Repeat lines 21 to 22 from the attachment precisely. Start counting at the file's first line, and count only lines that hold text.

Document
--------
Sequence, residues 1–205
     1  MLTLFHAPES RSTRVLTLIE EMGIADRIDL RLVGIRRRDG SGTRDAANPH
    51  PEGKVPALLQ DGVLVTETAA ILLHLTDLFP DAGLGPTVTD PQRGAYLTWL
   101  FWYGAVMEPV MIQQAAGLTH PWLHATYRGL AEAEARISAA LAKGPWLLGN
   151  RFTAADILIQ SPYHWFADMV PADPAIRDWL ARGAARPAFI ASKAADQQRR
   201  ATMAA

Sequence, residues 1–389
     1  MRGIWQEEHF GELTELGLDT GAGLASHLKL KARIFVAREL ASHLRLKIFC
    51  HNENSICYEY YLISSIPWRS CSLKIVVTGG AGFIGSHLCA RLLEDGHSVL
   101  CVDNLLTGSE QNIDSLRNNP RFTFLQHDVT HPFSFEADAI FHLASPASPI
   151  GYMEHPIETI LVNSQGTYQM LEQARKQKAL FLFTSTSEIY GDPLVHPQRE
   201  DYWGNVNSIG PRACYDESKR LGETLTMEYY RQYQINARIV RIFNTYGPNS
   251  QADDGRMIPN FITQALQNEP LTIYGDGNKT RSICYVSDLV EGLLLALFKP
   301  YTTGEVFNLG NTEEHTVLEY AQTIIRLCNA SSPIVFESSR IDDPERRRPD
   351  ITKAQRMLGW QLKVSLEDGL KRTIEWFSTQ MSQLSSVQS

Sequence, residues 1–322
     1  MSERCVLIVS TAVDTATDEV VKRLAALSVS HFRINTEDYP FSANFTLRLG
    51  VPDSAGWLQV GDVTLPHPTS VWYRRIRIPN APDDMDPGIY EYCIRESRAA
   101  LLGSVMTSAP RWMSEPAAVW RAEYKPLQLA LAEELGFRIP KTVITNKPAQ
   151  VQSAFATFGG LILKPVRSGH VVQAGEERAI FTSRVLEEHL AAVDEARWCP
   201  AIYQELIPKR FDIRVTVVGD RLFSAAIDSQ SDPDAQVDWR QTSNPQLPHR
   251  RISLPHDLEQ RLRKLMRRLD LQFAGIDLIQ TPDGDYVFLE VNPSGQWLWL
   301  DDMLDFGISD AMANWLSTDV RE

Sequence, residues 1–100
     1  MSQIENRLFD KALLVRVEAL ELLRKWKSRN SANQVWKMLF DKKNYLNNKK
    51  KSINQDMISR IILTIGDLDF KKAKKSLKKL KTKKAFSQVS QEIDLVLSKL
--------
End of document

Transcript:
   201  AIYQELIPKR FDIRVTVVGD RLFSAAIDSQ SDPDAQVDWR QTSNPQLPHR
   251  RISLPHDLEQ RLRKLMRRLD LQFAGIDLIQ TPDGDYVFLE VNPSGQWLWL